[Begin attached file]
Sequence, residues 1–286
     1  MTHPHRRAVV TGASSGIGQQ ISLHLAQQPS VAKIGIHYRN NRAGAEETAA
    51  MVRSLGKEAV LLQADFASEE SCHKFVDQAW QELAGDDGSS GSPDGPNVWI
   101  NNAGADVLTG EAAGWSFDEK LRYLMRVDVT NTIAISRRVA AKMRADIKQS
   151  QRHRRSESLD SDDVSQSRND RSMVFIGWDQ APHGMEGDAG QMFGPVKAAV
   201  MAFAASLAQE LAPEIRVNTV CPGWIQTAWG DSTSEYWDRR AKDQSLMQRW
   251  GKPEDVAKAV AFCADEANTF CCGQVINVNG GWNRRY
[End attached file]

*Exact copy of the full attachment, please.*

Sequence, residues 1–286
     1  MTHPHRRAVV TGASSGIGQQ ISLHLAQQPS VAKIGIHYRN NRAGAEETAA
    51  MVRSLGKEAV LLQADFASEE SCHKFVDQAW QELAGDDGSS GSPDGPNVWI
   101  NNAGADVLTG EAAGWSFDEK LRYLMRVDVT NTIAISRRVA AKMRADIKQS
   151  QRHRRSESLD SDDVSQSRND RSMVFIGWDQ APHGMEGDAG QMFGPVKAAV
   201  MAFAASLAQE LAPEIRVNTV CPGWIQTAWG DSTSEYWDRR AKDQSLMQRW
   251  GKPEDVAKAV AFCADEANTF CCGQVINVNG GWNRRY